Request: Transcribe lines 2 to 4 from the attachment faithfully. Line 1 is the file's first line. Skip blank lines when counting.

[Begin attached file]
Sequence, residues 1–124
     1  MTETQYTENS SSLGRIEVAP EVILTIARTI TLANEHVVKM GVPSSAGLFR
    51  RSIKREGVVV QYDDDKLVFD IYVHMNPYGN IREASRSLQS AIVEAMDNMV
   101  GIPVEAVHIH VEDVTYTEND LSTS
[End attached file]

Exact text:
     1  MTETQYTENS SSLGRIEVAP EVILTIARTI TLANEHVVKM GVPSSAGLFR
    51  RSIKREGVVV QYDDDKLVFD IYVHMNPYGN IREASRSLQS AIVEAMDNMV
   101  GIPVEAVHIH VEDVTYTEND LSTS